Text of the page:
This sovereign grace is seen clearly in the Psalmist’s declaration that God designs each singular day (Psalm. 139:16). Solomon states that the machinations of mankind come about only by the hand of God (Proverbs 16:1-4, 33; 19:21). The prophet Daniel claimed that God always acts within His will and that no power can stop Him (Daniel 4:35).
The same message exists in the New Testament. The apostle Paul writes that “…God works all things together for good for those who love him and are called to his purpose.” (Romans 8:28). Not a single event – good or evil – takes place that God does not fully understand and foresee. Standing before the disciples and leading Jewish authorities, Peter declared, “Jesus was delivered up according to the definite plan and foreknowledge of God.” (Acts 2:23) Even individual salvation was announced and known before the world was created (Ephesians 1:4). Good or bad events do not depend on man’s actions entirely (Romans 9:16), but on a sovereign God “…who both wills and works for His good pleasure” (Philippians 2:13; 2 Timothy 1:8-9).
A second truth is that God is fully good. This is definition is imperative for understanding the existence of evil, as seen by the arguments put forward by the problem of evil. Scripture is clear that not only is God the sovereign in His creation, but He rules over all things with an all knowing, loving hand (Psalm 34:8; 100:5; 106:1). The Bible is filled with passages proclaiming God as the ultimate and only source of good (Mark 10:18; Luke 18:19).

With God’s goodness in full view, God Himself is the ultimate standard of what is considered good. Theologian Wayne Grudem states that due to His being the definition of good, all that God is and does is worthy of approval. His purity and moral standing is shown by His love (Psalm 63:3; 1 John 4:8), His mercy, grace, and patience (Exodus 34:6), His faithfulness (Deuteronomy 32:4), and finally His holiness (Psalm 99:3, 5, 9; Isaiah 6:3). With this definition in place, it must be true that God simply cannot do anything evil nor be blamed for evil in any way (Job 34:10; James 1:13-18). On the contrary, acts of evil are the primary reason that God is shown to act in anger in scripture, as seen in Moses’s recounting of Israel’s consistent disobedience in Deuteronomy 9.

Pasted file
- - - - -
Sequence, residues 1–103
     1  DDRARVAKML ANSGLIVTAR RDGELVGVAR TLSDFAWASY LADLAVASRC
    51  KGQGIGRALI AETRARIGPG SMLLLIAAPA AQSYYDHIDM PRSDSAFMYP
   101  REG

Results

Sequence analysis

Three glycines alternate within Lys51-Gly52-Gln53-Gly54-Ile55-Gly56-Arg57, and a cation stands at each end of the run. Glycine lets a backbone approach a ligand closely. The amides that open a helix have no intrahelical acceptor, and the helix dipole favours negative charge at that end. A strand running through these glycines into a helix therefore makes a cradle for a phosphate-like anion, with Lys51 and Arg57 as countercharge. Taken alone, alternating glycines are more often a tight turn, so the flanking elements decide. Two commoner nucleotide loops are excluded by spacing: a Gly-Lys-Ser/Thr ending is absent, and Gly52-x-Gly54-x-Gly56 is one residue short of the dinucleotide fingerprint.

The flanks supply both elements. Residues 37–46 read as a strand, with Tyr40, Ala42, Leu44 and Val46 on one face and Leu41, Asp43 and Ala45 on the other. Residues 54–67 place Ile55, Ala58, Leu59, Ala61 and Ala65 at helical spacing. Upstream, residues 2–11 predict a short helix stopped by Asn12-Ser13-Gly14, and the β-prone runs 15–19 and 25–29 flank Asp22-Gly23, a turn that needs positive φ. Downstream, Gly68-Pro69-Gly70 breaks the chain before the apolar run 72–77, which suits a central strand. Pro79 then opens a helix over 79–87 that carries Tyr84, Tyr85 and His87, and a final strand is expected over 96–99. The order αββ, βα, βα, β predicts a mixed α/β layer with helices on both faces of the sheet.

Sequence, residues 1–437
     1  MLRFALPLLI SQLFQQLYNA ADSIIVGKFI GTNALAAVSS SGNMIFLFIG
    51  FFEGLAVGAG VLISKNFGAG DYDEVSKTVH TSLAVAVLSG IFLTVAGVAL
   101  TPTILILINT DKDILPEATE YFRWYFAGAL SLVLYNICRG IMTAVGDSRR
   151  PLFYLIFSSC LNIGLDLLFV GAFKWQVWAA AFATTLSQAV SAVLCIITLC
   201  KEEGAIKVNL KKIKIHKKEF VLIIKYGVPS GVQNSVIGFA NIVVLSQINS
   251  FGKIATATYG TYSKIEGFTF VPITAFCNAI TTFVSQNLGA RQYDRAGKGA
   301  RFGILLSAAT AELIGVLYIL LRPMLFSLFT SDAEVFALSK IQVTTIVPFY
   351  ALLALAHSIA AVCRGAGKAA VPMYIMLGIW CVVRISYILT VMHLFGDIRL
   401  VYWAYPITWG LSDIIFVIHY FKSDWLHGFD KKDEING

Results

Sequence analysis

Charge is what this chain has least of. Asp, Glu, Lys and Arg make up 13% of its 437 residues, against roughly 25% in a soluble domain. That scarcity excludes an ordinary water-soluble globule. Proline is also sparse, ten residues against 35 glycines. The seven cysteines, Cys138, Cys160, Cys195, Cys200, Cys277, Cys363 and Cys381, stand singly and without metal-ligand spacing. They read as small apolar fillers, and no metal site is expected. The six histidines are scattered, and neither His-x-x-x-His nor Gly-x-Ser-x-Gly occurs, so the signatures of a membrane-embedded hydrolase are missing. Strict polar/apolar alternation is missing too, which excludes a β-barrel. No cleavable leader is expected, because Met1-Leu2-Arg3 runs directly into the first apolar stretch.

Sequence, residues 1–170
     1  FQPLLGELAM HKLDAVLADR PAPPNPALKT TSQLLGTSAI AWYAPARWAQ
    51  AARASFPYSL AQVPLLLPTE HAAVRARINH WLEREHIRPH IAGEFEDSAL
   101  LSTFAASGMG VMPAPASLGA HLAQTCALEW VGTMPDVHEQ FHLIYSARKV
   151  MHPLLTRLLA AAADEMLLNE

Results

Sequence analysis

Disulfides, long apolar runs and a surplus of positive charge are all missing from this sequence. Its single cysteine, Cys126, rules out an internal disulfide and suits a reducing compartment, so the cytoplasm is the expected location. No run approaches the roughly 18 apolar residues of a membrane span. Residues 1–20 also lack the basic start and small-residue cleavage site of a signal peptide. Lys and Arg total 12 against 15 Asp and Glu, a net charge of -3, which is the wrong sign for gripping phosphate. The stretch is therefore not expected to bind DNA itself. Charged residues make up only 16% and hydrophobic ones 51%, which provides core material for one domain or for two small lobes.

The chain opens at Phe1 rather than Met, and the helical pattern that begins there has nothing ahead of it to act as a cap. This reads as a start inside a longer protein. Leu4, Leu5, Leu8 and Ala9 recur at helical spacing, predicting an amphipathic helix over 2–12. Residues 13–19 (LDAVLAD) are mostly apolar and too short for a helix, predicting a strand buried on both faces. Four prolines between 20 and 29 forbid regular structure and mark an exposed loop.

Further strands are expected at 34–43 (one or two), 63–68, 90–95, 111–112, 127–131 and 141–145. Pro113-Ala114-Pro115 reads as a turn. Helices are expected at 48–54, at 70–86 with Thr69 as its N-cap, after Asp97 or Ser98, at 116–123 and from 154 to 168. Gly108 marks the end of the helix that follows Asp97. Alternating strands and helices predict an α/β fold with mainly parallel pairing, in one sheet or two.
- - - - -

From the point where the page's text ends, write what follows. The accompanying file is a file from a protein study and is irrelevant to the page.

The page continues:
The Origin of Evil
Once the above truths about God are understood, it is possible to arrive at a biblical perspective of evil. First, it is important to understand the origin of evil. All evil can originally be traced back to the fall and destructive nature of Satan, the accuser. (John 8:44; 1 John 3:8). It was Satan who tempted Eve to disobey God’s direct command to refrain from the fruit of the Tree of the Knowledge of Good and Evil (Genesis 3:1-5). Not only was Eve tempted, but Adam – the first man and image-bearer of God Himself – failed to stop Eve’s fateful decision. Once Eve believed the lie of the Serpent, she offered the fruit to Adam who ate as well, knowing fully well that he was abandoning the authority of God’s rule to seek his own autonomous sovereignty (Gen. 3:6; 1 Timothy 2:14).